[ Obsolete] B. Jonson.
Frequent Fre"quent adjective
[ Latin frequens
, crowded, frequent, akin to farcire
to stuff: confer French fréquent
. Confer Farce
] 1. Often to be met with; happening at short intervals; often repeated or occurring; as, frequent visits.
feudal towers." Byron. 2. Addicted to any course of conduct; inclined to indulge in any practice; habitual; persistent.
He has been loud and frequent in declaring himself hearty for the government. Swift. 3. Full; crowded; thronged.
'T is Cæsar's will to have a frequent senate. B. Jonson. 4. Often or commonly reported.
'T is frequent in the city he hath subdued Massinger.
The Catti and the Daci.
Frequent Fre·quent" transitive verb
[ imperfect & past participle Frequented
; present participle & verbal noun Frequenting
.] [ Latin frequentare
: confer French fréquenter
. See Frequent
] 1. To visit often; to resort to often or habitually.
He frequented the court of Augustus. Dryden. 2. To make full; to fill.
With their sighs the air Milton.
Frequenting , sent from hearts contrite.
Frequentable Fre·quent"a·ble adjective Accessible. [ R.] Sidney.
Frequentage Fre·quent"age noun The practice or habit of frequenting. [ R.] Southey.
Frequentation Fre"quen·ta"tion noun [ Latin frequentatio a crowding together, frequency : confer French fréquentation .] The act or habit of frequenting or visiting often; resort. Chesterfield.
Frequentative Fre·quent"a·tive adjective [ Latin frequentativus : confer French fréquentatif .] (Gram.) Serving to express the frequent repetition of an action; as, a frequentative verb. -- noun A frequentative verb.
Frequenter Fre·quent·er noun One who frequents; one who often visits, or resorts to customarily.
Frequently Fre·quent·ly adverb At frequent or short intervals; many times; often; repeatedly; commonly.
Frequentness Fre"quent·ness noun The quality of being frequent.
Frère Frère noun [ French See Friar .] A friar. Chaucer.
Frescade Fres"cade noun [ See Fresco , Fresh , adjective ] A cool walk; shady place. [ R.] Maunder.
Fresco Fres"co noun
; plural Frescoes
. [ Italian , from fresco
fresh; of German origin. See Fresh
] 1. A cool, refreshing state of the air; duskiness; coolness; shade.
[ R.] Prior. 2. (Fine Arts) (a) The art of painting on freshly spread plaster, before it dries. (b) In modern parlance, incorrectly applied to painting on plaster in any manner. (c) A painting on plaster in either of senses a and b .
Fresco Fres"co transitive verb [ imperfect & past participle Frescoed ; present participle & verbal noun Frescoing .] To paint in fresco, as walls.
[ Compar. Fresher
.] [ Middle English fresch
, Anglo-Saxon fersc
; akin to Dutch versch
, German frisch
, Old High German frisc
, Swedish frisk
, Danish frisk
, Icelandic frīskr
frisky, brisk, ferskr
fresh; confer Italian fresco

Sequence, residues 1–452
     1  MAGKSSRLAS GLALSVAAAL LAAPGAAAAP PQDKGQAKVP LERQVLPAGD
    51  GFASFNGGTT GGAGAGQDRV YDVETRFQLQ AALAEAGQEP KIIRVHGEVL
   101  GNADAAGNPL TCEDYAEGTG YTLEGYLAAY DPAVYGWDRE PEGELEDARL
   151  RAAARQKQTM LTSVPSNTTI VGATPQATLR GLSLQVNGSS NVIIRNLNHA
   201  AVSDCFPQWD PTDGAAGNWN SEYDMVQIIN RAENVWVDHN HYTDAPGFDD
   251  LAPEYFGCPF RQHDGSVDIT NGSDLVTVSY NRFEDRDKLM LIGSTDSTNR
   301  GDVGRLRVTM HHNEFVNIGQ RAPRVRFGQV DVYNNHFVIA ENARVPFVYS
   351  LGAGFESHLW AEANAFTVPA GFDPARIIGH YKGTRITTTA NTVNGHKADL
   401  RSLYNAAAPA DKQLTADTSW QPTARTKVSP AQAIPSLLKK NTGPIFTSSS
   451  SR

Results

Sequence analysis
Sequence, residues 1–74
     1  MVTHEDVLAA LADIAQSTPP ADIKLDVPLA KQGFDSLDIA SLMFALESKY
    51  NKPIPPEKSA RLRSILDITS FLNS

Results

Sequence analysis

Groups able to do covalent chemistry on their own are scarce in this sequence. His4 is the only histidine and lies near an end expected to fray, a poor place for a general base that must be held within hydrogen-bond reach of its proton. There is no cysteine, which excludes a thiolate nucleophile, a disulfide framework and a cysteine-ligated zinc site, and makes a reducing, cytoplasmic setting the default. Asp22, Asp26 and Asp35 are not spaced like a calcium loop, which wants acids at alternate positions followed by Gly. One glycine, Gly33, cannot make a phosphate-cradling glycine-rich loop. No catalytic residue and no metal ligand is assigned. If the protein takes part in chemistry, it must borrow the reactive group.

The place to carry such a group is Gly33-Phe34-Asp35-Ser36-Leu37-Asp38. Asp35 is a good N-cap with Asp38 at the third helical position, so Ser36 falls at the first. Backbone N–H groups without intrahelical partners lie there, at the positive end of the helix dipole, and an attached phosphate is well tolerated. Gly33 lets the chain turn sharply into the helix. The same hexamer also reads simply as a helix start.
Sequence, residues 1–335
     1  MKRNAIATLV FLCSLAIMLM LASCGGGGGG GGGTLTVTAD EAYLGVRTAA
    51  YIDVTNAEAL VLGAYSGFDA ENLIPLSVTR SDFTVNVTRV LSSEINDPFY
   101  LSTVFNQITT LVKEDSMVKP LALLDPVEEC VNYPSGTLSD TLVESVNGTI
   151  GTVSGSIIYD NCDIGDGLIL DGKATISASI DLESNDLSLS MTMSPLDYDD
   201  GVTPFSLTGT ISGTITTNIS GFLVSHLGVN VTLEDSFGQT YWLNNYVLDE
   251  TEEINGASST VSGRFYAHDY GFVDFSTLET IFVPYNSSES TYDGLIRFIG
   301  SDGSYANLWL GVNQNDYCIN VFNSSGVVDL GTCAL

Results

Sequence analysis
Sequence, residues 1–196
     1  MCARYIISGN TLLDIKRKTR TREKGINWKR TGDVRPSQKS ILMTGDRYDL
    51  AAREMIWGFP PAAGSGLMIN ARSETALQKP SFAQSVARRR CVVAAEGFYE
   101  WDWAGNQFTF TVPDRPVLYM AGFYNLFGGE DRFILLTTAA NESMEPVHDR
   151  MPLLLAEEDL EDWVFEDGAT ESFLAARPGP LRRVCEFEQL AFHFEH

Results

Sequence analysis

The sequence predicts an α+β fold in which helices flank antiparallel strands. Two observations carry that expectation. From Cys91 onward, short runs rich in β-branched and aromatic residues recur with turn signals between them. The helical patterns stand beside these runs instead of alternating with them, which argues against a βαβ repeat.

, Old French fres
, fem. freske
, French frais
, fem. fraîche
, which are of German origin. Confer Fraischeur
.] 1. Possessed of original life and vigor; new and strong; unimpaired; sound. 2. New; original; additional.
"Fear of fresh
mistakes." Sir W. Scott.
A fresh pleasure in every fresh posture of the limbs. Landor. 3. Lately produced, gathered, or prepared for market; not stale; not dried or preserved; not wilted, faded, or tainted; in good condition; as, fresh vegetables, flowers, eggs, meat, fruit, etc.; recently made or obtained; occurring again; repeated; as, a fresh supply of goods; fresh tea, raisins, etc.; lately come or made public; as, fresh news; recently taken from a well or spring; as, fresh water. 4. Youthful; florid; as, these fresh nymphs. Shak. 5. In a raw, green, or untried state; uncultivated; uncultured; unpracticed; as, a fresh hand on a ship. 6. Renewed in vigor, alacrity, or readiness for action; as, fresh for a combat; hence, tending to renew in vigor; rather strong; cool or brisk; as, a fresh wind. 7. Not salt; as, fresh water, in distinction from that which is from the sea, or brackish; fresh meat, in distinction from that which is pickled or salted. Fresh breeze (Nautical)
, a breeze between a moderate and a strong breeze; one blowinq about twenty miles an hour.
-- Fresh gale
, a gale blowing about forty-five miles an hour.
-- Fresh way (Nautical)
, increased speed. Syn.
-- Sound; unimpaired; recent; unfaded: ruddy; florid; sweet; good: inexperienced; unpracticed: unused; lively; vigorous; strong.
Fresh Fresh noun
; plural Freshes 1. A stream or spring of fresh water.
He shall drink naught but brine; for I'll not show him Shak. 2. A flood; a freshet.
Where the quick freshes are.
[ Prov. Eng.] Halliwell. 3. The mingling of fresh water with salt in rivers or bays, as by means of a flood of fresh water flowing toward or into the sea. Beverly.
Fresh Fresh transitive verb To refresh; to freshen. [ Obsolete] Rom. of R.
Fresh-new Fresh"-new` adjective Unpracticed. [ Obsolete] Shak.